VIDEOS (& OTHER ENTERTAINMENTS)
SALTO, Berekley’s Biomimetic Millisystems Lab’s mini parkour robot burned up the internet with its crazy jumping antics. (http://robotics.sciencemag.org/content/1/1/eaag2048)
This is ChainFORM, the fancy “novel type of shape changing interface” (read: robot) from MIT’s Tangible Media Lab. One small step closer to programmable matter?
More Spot Mini sightings:
OK. This 3 min celebration of Cybathlon, the world’s biggest cyborg athletic meet, really hits the spot.
We are huge suckers for building with robots. Kuka is ace. We construction as the biggest sector primed for automation. After, well, automobiles of course.
Tesla’s sort-of-POV video of a self-driving car completing a commute is stunning, if totally uneventful.
Chatter (the week’s news and PR, with notes)
NIPS happened. Apple made it clear that they’ll start publishing, in an effort to remain an attractive destination for researchers and be a good citizen in the AI community. NVIDA and Yann LeCun announced toolkit for teaching deep learning at the university level. NIPS spotlight talks are available here.
It was, as usual, a big week in self-driving cars. There was lots of talk about Apple’s making moves. Baidu started testing in China. Google is spinning cars out of X. Now they’ll have their very own division. Any guesses on names, given that Google Drive is taken?
We’re going to keep seeing these stories of racist/sexist/otherwise horrible decisions made by and blamed on AI. (Rememeber the ProPublica report about a biased machine learning based recidivism “predictor”?) It’s obvious that we shouldn’t be deploying these systems without very carefully thinking about the biases we’re burying inside them. Otherwise we’re just building racist machines to do our racist dirty work.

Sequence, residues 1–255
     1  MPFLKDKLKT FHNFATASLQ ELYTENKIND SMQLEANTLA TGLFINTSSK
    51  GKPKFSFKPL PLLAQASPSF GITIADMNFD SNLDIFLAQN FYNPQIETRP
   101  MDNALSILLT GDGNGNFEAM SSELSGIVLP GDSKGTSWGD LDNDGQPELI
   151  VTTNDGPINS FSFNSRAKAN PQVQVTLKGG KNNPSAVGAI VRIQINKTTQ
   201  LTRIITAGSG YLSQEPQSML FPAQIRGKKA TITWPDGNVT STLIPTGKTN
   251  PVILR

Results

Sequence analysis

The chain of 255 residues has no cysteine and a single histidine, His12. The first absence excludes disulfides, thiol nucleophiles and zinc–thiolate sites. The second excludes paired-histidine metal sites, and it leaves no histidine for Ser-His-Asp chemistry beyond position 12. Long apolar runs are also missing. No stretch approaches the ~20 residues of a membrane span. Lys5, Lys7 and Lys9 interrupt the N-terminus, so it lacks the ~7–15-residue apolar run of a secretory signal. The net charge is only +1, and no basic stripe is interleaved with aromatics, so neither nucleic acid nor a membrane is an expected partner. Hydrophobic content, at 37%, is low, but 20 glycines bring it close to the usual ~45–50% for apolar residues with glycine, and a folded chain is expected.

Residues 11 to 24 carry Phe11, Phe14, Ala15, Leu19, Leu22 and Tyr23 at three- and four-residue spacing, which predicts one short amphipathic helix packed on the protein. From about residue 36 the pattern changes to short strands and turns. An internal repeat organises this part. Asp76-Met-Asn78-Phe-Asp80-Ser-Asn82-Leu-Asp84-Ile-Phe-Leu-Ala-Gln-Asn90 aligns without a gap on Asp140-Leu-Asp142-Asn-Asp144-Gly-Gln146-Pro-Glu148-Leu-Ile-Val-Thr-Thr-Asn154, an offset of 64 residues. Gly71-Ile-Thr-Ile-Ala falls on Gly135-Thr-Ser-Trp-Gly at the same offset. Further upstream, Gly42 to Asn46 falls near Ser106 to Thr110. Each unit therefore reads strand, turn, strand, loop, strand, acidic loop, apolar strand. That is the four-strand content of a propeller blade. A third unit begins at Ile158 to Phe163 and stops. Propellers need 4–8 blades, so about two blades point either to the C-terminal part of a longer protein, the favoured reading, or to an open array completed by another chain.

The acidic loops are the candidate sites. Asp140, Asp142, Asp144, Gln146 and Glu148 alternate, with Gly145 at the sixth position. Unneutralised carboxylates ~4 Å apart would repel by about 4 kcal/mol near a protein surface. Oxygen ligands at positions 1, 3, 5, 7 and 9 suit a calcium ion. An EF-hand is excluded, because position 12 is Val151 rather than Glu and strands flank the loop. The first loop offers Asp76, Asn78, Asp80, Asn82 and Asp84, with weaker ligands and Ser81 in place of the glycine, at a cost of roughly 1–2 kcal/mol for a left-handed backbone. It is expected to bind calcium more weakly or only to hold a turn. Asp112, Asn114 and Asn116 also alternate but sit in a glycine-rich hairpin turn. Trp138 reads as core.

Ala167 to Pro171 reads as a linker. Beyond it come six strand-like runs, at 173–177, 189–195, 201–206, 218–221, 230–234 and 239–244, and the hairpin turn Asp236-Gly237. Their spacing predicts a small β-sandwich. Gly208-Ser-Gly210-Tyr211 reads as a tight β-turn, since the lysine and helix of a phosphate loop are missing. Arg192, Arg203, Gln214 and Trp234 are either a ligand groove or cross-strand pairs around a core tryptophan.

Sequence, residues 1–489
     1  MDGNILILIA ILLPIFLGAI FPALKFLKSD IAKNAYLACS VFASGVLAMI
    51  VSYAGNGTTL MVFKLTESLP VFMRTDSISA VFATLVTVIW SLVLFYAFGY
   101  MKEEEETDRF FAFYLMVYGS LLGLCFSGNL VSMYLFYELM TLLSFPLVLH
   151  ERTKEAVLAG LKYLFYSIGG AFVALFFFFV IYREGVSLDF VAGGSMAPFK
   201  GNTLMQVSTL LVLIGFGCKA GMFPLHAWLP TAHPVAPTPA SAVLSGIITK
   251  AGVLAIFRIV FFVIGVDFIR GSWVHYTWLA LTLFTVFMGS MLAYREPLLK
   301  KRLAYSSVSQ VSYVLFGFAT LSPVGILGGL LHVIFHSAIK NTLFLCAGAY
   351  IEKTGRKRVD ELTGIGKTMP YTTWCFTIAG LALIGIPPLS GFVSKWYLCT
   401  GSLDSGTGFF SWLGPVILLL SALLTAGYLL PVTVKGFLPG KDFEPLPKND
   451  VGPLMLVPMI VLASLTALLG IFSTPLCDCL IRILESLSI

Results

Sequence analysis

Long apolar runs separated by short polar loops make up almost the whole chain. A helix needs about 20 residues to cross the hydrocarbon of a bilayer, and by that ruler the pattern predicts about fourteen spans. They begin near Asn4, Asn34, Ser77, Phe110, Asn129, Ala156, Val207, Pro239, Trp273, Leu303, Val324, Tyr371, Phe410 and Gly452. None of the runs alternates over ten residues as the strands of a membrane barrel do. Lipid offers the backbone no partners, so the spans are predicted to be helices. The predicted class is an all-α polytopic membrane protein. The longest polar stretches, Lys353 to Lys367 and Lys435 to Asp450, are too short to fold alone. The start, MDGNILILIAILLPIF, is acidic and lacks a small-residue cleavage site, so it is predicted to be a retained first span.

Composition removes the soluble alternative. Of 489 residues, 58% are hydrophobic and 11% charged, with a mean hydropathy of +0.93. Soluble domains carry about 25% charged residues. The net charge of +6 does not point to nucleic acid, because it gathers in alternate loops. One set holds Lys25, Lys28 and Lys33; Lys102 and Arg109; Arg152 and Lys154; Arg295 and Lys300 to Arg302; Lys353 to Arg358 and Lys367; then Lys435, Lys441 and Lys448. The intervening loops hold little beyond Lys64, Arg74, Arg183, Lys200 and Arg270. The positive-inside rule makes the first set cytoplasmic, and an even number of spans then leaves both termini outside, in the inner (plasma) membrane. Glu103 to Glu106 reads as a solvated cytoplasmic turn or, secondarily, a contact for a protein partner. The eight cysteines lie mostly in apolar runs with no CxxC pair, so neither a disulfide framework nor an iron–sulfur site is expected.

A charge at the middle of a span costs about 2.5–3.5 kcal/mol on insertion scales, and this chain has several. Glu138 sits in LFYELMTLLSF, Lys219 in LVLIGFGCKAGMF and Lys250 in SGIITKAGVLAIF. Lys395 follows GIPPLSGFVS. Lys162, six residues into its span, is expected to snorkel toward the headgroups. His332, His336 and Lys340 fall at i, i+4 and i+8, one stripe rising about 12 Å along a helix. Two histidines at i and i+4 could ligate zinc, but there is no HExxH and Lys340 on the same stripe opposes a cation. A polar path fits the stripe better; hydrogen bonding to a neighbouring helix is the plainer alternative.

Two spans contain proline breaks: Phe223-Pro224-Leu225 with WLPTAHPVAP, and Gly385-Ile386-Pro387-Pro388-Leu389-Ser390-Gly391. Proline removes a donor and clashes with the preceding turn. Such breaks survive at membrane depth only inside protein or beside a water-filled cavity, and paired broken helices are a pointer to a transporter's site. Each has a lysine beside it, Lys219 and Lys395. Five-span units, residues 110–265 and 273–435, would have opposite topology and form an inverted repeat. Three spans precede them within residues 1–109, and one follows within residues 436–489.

However, creating a herd of robot rhinos to deter poachers is such an obviously bad idea that it might just be genius. Unless of course the robot rhinos displace all the real rhinos and we end up in robot jurassic park. Could happen.
Nishogakusha University unveiled an android remake of a long-dead author, made by Hiroshi Ishiguro. It looks and feels like an animatronic display from an 80s anthropology museum, which is essentially what it is. I don’t really see the point. Still skeptical of androids.
Researchers at John’s Hopkins have successfully run a proof-of-concept showing that remote drones can be used to deliver blood without spoilage.
Deepthoughts (musings and commentary on the state of the art)
Robin Hanson is skeptical about the overpromises of deep learning/AI. It boils down to a belief that the benefits of enhanced prediction aren’t as easy as we seem to think they are. He thinks we’re in for some disappointment.
Here is a great interview with Google X’s Astro Teller, including a lot of insight on the future of personal robotics. As well as some semi-clarfications on what X is doing with all the roboticsts they bought in 2013.
Morgan Stanley’s Ruchir Scharma adapted a reassuring essay from his book The Rise and Fall of Nations: Forces of Change in the The Post-Crisis World for the Washington Post. Summary: don’t worry, robots aren’t taking your job.
Data (info on filings, acquisitions, usage, uptake…)
Thermal sensnor maker Flir bought mini drone maker Prox, in a bet that tiny sensor laden drones will be a hot military product.
Products (new hardware, software, and services)
DeepMind and OpenAI launched open platforms allowing users to train their AI on simulated games, websites, etc. OpenAI’s is called Universe. DeepMind’s is DeepMind Lab. Both allow agents to perceive and control pixels, on the rationale that it approximates the low-information environments that humans learn in.
Local Motors’ drone equipped 3d printed autonomous car (software by Mouser Electronics) is certifiably bananas. Amplifying “the sensory experience that you have when you travel through space” seems like a crazy fun, if niche, idea to me.